Great Graphic Novels – Pure Power Reading!

Great Graphic Novels – Pure Power Reading!

Great Graphic Novels For Kids

(Don’t you mean comic books….NO!)  

Come on Parents! Get with the 21st century! The “comic books” that we grew up with and loved as children have become all grown up. While comic books tend to be for entertainment only, graphic novels are full, unedited stories that offer awesome artwork, challenging vocabulary and are being used very successfully with “reluctant readers”, or children who haven’t formed a love of reading….yet. The visuals make it exciting, more engaging than traditional book formats and action-oriented while also developing your child’s reading skills, vocabulary development, sequencing and inferencing skills and also “visual literacy” (which is so important now in our digital age).

The best thing is there are graphic novels for all ages and all interests, so there is no stopping you from reading these books together! Listed below are some picks to try, recommended to us by the Association for Library Service to Children (ALSC).  Please share with our school community some of your favorites in our COMMENT section below. So, while it’s cold outside but WARM inside, take a trip to your local library or online and explore graphic novels. Happy Reading!

Grades Kindergarten – 2

grades-kgA Day at the Fire Station
by Lori Mortensen. illus. by Jeffrey Thompson. Capstone, (2011).
Explains the everyday life of fire fighters in the station house as well as the quick actions they take when a call comes in. A glossary and a bibliography for additional reading and internet sites are appended. One of the First Graphics: My Community series.

Benny and Penny in the Big No-No!
by Geoffrey Hayes. (2009)
Two mice meet their new neighbor and discover that she is not as scary as they feared. First of the Benny and Penny series.

The Adventures of Polo
by Régis Faller, (2006).

Little dog Polo takes up his backpack and umbrella and sets out in his boat to explore exciting new places.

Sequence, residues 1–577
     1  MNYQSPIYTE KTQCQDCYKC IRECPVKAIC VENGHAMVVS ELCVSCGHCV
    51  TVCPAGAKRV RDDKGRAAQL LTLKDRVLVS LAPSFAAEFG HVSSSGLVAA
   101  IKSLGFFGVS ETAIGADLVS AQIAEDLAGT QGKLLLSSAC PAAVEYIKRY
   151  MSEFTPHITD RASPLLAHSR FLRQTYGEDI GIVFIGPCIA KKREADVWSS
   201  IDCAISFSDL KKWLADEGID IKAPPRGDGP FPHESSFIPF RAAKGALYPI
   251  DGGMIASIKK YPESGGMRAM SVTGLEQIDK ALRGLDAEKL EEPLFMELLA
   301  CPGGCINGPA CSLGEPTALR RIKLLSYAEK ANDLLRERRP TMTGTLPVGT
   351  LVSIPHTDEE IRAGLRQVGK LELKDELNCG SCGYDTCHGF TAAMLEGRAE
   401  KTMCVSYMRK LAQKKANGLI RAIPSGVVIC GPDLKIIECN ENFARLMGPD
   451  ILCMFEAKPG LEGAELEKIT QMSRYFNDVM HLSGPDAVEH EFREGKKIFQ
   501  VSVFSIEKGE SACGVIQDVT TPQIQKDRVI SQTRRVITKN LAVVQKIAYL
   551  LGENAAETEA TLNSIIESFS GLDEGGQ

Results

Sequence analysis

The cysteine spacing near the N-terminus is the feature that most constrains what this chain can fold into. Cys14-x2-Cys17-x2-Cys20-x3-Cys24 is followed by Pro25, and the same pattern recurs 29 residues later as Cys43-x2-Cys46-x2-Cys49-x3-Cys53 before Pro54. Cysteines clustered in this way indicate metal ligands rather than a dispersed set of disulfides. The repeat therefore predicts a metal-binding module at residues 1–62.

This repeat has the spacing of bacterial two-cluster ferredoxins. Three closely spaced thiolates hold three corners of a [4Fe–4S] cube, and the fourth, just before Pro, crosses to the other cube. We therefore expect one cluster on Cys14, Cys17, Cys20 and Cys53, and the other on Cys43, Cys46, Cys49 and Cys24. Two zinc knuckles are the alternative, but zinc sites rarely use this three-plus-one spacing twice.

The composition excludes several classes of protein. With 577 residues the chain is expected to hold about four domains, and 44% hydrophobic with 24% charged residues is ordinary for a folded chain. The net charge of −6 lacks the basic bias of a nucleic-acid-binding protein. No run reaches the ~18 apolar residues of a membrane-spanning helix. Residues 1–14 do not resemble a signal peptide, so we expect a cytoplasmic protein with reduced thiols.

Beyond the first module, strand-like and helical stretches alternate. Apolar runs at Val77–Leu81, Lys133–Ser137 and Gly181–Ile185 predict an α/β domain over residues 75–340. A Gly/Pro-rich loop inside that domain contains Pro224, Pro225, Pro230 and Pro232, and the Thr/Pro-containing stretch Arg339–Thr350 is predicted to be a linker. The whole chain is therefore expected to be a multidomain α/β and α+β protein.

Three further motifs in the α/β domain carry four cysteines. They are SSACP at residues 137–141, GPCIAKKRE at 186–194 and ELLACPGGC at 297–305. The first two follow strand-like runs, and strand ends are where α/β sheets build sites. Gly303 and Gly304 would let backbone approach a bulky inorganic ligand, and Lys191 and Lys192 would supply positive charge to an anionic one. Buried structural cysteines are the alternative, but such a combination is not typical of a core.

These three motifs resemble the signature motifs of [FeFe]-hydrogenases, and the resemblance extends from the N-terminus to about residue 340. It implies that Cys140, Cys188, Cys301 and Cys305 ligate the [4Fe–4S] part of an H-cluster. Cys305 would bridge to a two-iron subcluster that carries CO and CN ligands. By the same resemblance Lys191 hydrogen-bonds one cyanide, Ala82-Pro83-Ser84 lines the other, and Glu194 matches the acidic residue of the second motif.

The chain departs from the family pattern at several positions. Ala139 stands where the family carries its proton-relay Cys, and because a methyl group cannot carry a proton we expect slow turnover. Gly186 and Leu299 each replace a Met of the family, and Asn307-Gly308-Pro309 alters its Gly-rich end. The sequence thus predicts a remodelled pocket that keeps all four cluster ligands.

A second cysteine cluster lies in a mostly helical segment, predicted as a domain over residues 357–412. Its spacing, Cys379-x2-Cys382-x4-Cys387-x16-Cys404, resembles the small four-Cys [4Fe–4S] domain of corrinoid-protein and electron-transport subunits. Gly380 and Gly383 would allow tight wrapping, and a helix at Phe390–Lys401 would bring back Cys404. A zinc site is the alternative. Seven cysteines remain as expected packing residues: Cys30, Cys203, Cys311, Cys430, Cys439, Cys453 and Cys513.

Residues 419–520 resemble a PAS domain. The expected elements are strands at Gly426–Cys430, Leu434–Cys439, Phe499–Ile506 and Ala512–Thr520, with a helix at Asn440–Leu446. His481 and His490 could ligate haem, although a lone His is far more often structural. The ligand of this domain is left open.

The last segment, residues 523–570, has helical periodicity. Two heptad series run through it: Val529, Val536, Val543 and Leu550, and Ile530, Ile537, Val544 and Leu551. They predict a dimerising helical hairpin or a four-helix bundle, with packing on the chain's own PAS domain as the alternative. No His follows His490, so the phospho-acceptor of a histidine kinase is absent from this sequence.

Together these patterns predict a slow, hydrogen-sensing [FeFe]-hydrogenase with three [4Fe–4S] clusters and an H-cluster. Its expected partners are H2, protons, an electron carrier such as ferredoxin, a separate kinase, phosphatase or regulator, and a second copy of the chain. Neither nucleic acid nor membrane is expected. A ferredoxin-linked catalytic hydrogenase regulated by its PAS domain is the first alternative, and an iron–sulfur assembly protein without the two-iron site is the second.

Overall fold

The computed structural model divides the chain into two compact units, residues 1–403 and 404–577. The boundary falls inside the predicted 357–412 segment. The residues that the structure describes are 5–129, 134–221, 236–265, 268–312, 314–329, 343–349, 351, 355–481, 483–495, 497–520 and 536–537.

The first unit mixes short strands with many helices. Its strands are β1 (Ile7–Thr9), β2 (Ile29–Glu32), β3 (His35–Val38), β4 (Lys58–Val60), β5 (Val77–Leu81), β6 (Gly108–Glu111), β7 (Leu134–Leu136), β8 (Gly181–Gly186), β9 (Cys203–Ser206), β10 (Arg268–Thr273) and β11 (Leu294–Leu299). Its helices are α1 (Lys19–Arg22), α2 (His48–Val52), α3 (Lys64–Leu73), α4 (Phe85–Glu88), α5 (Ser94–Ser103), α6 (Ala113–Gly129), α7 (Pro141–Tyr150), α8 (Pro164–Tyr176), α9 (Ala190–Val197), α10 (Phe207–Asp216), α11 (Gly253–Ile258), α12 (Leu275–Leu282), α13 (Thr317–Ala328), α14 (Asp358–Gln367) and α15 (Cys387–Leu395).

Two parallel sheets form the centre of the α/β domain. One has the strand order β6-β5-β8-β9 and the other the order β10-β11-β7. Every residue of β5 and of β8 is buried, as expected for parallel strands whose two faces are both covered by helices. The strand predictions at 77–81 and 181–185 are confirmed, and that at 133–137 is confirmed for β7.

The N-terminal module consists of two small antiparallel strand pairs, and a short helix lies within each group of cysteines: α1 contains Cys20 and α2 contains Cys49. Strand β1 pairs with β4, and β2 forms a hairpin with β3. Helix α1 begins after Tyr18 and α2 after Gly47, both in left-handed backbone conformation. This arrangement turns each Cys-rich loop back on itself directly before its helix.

Grades 3-5

The Secret of the Unicorn 
by Hergé. Little, Brown, (1974).
Young journalist Tintin is hot on the trail of a secret hidden in a model ship in this classic. First in the Adventures of Tintin series.

Ancient Egypt: Tales of Gods and Pharaohs 
by Marcia Williams. Candlewick, 2011.
Tales of Isis, Tutankhamen, and the important figures of Egyptian myth and history are given humorous treatment.

Wrting your own graphic novelArt Panels, BAM! Speech Bubbles, POW! Writing Your Own Graphic Novel
by Trisha Speed Shaskan. illus. by Stephen Shaskan. Picture Window, (2011).
A young girl explains how to create your own graphic novel including the tools, techniques and conventions of the format. Some exercises are included to get started. One of the Writer’s Toolbox series.

Bake Sale 
by Sara Varon. Roaring Book/First Second, 2011.
Cupcake runs a successful bakery with his best friend, Eggplant, but dreams of going abroad to meet his idol, Turkish Delight, who is the most famous pastry chef in the world.

Grades 6-8

9/11 Report: A Graphic Adaptation
by Sid Jacobson and Ernie Colón. Farrar/Hill and Wang, (2006).
This accurate and accessible version of the 9/11 Report captures its investigative thoroughness, and covers its entire scope including the Commission’s final report card. Colón’s stunning artwork powerfully conveys the facts, insights, and urgency of the original. (a personal favorite!)

grades-kg2The Arrival 
by Shaun Tan. Scholastic/Arthur A. Levine, (2007).
A wordless but very moving story about a lonely man who has just arrived in a new city. ( This is a personal favorite! And, yes there are such things as “wordless” books! They are wonderful tools to grow your child’s imagination.)

Rapunzel’s Revenge 
by Shannon Hale and Dean Hale. illus. by Nathan Hale. Bloomsbury, (2008).
Two traditional fairy tales—”Rapunzel” and “Jack and the Beanstalk”—merge in a fresh and funny adventure with a Western flair.

Grades 9-12

macbethNo Fear Shakespeare gives you the complete text of “Macbeth “on the left-hand page, side-by-side with an easy-to-understand translation on the right. Each No Fear Shakespeare contains the complete text of the original play A line-by-line translation that puts Shakespeare into everyday language. A complete list of characters with descriptions with plenty of helpful commentary. (No Fear has a whole line of Shakespeare classics.)

Here at Concept Schools, we have been inspiring students for over 15 years with proven results.  Even though we provide a high level STEM focused education, we also like to encourage discovery and exploration which helps us more successfully prepare our students for tomorrow!

Resources:

  • I Love Libraries, an initiative of the American Library Association

http://www.ilovelibraries.org/article/best-graphic-novels-children

  • Amazon books

http://www.amazon.com/books-used-books-textbooks/b?ie=UTF8&node=283155

 

Tags: graphic novel, visual literacy, comic booksreading, Concept Schools

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